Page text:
In October 2018, the Metropolit­an Republican Club, a conservati­ve club in an Upper East Side brownstone in Manhattan, invited McInnes to speak, promoting him on the organizati­on’s Facebook page as a “godfather of the Hipster movement” who had “exposed the Deep State Socialists and stood up for Western Values.” The city’s left-wing activists were furious, graffitiin­g the building with anarchist symbols hours before McInnes was scheduled to appear, and leaving a note that said, “The Metropolit­an Republican Club chose to invite a hipster-fascist clown to dance for them, content to revel in their treachery against humanity.”

True to form, McInnes took the controvers­y surroundin­g the event as an opportunit­y to troll. He showed up at the club carrying a katana sword and wearing glasses with exaggerate­d slanted eyes drawn on them, a reference to Otoya Yamaguchi, an extremist who had become a meme on the far-right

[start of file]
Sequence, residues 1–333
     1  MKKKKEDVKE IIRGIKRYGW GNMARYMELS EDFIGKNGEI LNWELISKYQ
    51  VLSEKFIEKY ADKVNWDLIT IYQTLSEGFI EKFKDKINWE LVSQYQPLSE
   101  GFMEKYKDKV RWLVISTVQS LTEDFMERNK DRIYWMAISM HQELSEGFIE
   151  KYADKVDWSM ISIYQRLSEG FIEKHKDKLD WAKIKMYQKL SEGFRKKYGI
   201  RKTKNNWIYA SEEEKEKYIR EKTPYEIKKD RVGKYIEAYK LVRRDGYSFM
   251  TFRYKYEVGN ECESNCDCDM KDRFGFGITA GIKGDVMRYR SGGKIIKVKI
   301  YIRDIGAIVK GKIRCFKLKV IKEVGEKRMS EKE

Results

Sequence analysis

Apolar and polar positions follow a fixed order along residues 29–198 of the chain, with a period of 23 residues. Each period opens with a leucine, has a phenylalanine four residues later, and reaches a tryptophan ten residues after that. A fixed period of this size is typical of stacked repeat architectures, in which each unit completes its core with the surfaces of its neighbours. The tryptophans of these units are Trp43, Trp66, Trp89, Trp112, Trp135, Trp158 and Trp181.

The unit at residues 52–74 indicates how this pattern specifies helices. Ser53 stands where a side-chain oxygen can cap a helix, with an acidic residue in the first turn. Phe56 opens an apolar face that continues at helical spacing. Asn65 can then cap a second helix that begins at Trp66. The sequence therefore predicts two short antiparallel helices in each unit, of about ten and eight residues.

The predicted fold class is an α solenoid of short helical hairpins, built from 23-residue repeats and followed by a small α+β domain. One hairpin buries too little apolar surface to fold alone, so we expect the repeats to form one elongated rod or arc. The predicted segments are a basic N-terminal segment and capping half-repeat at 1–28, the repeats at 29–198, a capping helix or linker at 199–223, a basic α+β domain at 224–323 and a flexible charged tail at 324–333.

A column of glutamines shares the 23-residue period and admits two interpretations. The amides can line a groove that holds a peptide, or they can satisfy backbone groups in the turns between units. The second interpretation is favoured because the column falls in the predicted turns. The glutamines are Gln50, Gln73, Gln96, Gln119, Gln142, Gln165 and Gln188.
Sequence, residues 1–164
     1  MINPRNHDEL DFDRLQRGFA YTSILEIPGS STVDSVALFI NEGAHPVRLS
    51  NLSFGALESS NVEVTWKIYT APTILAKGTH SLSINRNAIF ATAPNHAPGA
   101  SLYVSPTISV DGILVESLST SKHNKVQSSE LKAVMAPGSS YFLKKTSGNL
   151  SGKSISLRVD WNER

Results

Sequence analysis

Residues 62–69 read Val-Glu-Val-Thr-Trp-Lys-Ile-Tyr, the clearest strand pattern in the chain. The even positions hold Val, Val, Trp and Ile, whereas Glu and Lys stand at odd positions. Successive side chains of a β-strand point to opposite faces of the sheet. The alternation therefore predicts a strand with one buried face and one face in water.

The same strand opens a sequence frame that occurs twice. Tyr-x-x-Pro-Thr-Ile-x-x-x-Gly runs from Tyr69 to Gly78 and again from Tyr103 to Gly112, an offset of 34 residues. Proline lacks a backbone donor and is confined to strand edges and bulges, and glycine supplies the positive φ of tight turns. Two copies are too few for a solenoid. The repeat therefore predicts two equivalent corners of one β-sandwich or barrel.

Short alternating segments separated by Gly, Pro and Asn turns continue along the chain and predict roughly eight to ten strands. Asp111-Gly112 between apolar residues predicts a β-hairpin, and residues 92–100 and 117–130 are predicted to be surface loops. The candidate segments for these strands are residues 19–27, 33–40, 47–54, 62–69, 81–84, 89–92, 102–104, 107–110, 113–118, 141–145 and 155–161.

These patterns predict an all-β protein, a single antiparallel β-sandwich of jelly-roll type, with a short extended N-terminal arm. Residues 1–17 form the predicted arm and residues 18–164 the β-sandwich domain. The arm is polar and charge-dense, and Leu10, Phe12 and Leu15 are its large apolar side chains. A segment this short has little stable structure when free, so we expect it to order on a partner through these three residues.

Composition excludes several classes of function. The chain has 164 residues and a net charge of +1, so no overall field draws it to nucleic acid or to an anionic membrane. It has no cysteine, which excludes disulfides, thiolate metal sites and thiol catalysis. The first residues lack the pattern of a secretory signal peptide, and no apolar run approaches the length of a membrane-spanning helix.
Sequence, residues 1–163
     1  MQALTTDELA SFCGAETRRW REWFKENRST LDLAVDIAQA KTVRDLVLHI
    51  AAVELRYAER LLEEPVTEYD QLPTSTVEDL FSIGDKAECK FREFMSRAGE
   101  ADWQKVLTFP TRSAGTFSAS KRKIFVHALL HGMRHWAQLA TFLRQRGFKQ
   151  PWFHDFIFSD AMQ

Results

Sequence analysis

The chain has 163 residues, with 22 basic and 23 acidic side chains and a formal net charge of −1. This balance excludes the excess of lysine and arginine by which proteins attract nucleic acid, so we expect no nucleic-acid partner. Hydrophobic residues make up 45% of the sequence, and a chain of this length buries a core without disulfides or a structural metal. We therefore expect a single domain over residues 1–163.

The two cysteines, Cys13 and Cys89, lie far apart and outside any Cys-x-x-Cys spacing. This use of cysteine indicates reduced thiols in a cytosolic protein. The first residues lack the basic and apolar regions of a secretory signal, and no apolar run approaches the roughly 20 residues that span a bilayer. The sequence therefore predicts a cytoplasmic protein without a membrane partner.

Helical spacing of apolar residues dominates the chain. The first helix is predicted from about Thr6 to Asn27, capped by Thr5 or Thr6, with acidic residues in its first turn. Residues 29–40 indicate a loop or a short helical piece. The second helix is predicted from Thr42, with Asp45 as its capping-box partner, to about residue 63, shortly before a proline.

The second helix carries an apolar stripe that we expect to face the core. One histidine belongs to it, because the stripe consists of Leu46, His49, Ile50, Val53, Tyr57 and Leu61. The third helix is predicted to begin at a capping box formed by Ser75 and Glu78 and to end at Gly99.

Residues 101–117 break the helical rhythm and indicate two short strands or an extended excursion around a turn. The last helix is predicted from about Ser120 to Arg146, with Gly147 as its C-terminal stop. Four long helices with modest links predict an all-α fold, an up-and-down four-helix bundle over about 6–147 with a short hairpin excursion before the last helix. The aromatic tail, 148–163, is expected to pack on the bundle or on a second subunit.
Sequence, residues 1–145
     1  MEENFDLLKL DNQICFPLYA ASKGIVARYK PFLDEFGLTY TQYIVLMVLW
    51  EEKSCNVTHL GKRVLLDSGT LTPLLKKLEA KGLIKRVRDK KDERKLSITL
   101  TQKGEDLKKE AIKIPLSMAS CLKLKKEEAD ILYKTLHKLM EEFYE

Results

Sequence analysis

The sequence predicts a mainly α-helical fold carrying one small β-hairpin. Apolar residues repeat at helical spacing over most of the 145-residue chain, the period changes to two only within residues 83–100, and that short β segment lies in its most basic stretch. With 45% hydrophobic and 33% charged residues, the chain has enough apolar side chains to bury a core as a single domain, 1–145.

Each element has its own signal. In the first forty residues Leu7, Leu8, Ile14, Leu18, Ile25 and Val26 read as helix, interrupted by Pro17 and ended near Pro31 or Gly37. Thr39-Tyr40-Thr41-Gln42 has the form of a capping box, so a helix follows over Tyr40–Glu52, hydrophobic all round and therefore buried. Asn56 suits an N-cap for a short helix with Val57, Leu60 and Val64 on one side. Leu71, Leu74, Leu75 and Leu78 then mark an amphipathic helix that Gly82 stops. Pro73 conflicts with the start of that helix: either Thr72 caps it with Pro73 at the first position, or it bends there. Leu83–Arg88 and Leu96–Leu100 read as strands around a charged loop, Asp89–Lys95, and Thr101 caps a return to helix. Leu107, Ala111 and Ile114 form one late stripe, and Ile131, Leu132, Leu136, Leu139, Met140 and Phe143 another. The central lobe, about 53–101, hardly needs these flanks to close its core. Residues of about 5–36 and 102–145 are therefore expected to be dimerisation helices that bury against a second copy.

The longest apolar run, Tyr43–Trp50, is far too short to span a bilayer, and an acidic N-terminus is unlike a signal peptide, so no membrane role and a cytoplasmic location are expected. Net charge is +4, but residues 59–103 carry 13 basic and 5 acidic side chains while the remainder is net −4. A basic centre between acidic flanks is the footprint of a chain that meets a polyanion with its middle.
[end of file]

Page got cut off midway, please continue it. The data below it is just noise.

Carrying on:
for assassinat­ing the leader of the Japanese Socialist Party in 1960. McInnes left the club sardonical­ly waving the katana at a crowd of 80 to 100 protesters who had assembled outside. Surveillan­ce footage released by the NYPD shows one of the protesters throwing a bottle at some Proud Boys, prompting a group of them to push him to the ground, punching and kicking him. Two members, Maxwell Hare and John Kinsman, were ultimately convicted in 2019 on charges of attempted gang assault, attempted assault, and rioting.

The Proud Boys, Jeske says, “became pariahs overnight,” thanks in large part to footage of the altercatio­n going viral. “They weren’t attacked; it wasn’t self-defense. And it was harder to say, ‘Oh, they’re really a men’s group, they’re not really racist.’ ” The incident left many members scurrying for legal cover, most notably McInnes, who publicly resigned from the group via YouTube a month later. In that video, McInnes positioned his departure as an act of self-sacrifice intended to help his acolytes. “I am told by my legal team and law enforcemen­t that this gesture could help alleviate their sentencing,” he said, adding, “at the very least this will show jurors they are not dealing with a gang and there is no head of operations.”